The fourth and final recovery phase is the return to full activity, which may be as long as between four and six months after the surgery. Factors affecting the actual duration of recovery are the size of the original tear, the ability to effect a full repair, and the patient’s own commitment to the rehabilitation program. A crucial factor is knowing exactly when to progress to the next phase of rehabilitation. Because all patients and all injuries are individual, the advice of the therapist is paramount if the recovery process is to be successfully completed in as short as possible a time. Rehabilitation under expert guidance is essential if the patient is to successfully regain full use of the injured shoulder and the rotator cuff within it.
Cluett, Jonathan. “Rehab After Rotator Cuff Surgery.” (Updated Jan 2011). About.com Orthopedics. Web. 7 February 2013.
Fongemie, Allen, E., Buss, Daniel, D., & Rolnick, Sharron, J. “Management of Shoulder Impingement Syndrome and Rotator Cuff Tears.” (Feb 1998). American Family Physician 1998 Feb 15;57(4):667-674. Web. 7 February 2013.
“Grades of Rotator Cuff Strains.” (Illustration). (n.d.). (www.dralansherman.com). Web. 7 February 2013.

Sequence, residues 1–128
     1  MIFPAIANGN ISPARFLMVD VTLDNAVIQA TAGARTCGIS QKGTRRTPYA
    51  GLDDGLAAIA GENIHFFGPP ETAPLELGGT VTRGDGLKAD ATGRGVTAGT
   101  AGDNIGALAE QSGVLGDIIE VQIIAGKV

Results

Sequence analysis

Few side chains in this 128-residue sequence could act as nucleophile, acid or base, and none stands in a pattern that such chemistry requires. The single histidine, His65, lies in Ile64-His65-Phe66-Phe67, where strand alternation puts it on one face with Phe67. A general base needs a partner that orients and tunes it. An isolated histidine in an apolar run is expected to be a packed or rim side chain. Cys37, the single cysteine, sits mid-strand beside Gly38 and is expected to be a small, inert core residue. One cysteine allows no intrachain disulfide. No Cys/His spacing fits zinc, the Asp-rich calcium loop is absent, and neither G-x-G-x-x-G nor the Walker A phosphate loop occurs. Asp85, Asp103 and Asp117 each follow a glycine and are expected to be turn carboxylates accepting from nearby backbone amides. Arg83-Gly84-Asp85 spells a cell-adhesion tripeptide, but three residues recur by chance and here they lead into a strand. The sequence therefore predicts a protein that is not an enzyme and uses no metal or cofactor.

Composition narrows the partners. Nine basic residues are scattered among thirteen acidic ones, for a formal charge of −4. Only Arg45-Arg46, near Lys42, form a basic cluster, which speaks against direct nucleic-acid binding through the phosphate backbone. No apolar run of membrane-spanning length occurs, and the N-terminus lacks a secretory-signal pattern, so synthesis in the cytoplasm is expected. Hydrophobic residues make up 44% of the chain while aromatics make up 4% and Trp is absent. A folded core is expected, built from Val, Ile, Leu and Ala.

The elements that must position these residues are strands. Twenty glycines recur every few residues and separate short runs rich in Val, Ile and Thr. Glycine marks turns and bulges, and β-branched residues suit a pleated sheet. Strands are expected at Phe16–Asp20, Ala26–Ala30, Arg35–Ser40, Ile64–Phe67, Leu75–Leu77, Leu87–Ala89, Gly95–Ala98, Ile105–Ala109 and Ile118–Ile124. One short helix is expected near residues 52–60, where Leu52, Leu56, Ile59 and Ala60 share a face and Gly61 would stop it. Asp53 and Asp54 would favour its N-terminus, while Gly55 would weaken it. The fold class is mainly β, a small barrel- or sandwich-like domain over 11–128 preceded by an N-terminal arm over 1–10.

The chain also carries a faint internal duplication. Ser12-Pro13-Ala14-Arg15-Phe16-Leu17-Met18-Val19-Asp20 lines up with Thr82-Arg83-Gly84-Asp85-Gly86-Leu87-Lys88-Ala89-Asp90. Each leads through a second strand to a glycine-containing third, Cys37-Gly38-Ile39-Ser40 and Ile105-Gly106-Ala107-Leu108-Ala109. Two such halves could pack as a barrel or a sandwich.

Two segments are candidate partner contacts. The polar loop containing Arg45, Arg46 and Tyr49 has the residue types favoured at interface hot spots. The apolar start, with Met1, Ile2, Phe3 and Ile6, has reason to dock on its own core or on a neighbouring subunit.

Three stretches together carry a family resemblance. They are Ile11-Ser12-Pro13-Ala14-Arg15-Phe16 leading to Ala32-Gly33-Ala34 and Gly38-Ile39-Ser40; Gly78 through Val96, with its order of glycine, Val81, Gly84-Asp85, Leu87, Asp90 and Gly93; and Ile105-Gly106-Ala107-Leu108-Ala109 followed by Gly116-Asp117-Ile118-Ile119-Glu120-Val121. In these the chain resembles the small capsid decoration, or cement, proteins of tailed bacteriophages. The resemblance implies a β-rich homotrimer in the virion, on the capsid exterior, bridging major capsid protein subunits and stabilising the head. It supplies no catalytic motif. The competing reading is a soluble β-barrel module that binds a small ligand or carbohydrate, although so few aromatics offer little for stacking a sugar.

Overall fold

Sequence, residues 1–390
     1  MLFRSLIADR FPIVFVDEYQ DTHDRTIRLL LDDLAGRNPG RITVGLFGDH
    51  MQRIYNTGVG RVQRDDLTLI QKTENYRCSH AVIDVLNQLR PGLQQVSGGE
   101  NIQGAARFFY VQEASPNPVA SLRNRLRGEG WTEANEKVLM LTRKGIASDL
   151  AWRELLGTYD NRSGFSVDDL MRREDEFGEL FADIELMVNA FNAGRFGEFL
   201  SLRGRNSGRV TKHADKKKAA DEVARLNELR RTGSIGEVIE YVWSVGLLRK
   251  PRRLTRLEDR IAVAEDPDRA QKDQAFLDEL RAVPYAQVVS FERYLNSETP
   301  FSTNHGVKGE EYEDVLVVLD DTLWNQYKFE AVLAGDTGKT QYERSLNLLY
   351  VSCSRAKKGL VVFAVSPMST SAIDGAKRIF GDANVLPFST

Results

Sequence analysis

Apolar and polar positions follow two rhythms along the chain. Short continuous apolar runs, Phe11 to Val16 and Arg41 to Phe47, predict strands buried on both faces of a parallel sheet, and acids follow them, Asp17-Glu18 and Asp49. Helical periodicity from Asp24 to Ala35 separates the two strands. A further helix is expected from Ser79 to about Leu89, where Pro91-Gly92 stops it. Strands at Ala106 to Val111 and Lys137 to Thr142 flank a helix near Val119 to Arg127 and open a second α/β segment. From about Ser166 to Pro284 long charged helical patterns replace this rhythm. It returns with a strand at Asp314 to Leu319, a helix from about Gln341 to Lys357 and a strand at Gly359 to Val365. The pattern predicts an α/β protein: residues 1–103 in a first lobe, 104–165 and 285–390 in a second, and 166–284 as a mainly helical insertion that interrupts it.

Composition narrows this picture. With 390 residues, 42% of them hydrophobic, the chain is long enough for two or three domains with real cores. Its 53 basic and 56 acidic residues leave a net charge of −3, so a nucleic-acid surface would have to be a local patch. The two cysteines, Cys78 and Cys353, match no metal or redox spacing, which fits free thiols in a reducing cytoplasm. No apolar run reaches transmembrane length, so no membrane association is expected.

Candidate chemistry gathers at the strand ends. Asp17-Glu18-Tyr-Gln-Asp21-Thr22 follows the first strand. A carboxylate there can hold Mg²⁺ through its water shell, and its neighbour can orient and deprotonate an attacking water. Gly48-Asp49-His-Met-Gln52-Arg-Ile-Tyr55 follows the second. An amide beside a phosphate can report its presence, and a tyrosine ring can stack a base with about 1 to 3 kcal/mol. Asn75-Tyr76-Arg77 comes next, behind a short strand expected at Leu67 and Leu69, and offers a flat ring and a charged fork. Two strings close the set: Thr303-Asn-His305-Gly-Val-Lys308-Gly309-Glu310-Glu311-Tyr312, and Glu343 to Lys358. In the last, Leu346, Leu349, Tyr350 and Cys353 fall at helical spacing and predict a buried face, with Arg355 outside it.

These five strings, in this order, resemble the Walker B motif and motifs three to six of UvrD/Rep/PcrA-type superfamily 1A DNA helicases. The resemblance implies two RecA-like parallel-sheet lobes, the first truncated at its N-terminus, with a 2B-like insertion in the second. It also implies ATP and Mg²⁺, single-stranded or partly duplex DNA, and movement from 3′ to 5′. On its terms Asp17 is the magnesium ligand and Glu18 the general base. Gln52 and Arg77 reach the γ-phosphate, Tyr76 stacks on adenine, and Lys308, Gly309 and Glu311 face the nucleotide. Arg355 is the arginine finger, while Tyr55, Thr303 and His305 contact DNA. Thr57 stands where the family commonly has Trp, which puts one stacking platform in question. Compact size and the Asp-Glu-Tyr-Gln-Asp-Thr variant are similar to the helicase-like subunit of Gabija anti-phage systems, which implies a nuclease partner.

“Posterior Approach Subacromial Injection.” (Illustration). (n.d.). (www.shoulderdoc.co.uk). Web. 7 February 2013.
“Rotator Cuff Injury and Inflammation.” (n.d.). Patient.co.uk. Web. 6 February 2013.
“Rotator Cuff Strengthening Exercises.” (2008). PhysioAdvisor.com. Web. 8 February 2013.
“Rotator Cuff Tears.” (reviewed May 2011). OrthoInfo. Web. 7 February 2013.
“Rotator Cuff Tendonitis.” (n.d.). aidmyrotatorcuff.com. Web. 6 February 2013.
“Rotator Cuff Tendonitis.” (n.d.). Cleveland Clinic Health Hub. Web. 6 February 2013.
“Shoulder Arthroscopy.” (Illustration). (n.d.). (www.shoulderdoc.co.uk). Web. 7 Feb 2013.
“Shoulder Arthroscopy.” (June 2011). MedlinePlus, the U.S. National Library of Medicine. Web. 7 February 2013.
“Shoulder Cold Compression Therapy Appliance” (Illustration). (n.d.). (physiosupplies.com.au). Web. 7 February 2013.
“Shoulder Ice Pack.” (Illustration). (n.d.). (www.ice-packs-store.com). Web. 7 Feb 2013.
“Shoulder Impingement Syndrome” (Illustration). (n.d.). (optimumsportsperformance.com). Web. 7 February 2013.
Wedro, Benjamin and Stöppler, Melissa, C. (Ed.). “Rotator Cuff Disorders.” (n.d.). emedicinehealth.com. Web. 8 February 2013.
Appendix A: Causes of Shoulder Pain
Reproduced from: Fongemie, Allen, E., Buss, Daniel, D., & Rolnick, Sharron, J. “Management of Shoulder Impingement Syndrome and Rotator Cuff Tears.” (Feb 1998)
Appendix A (continued)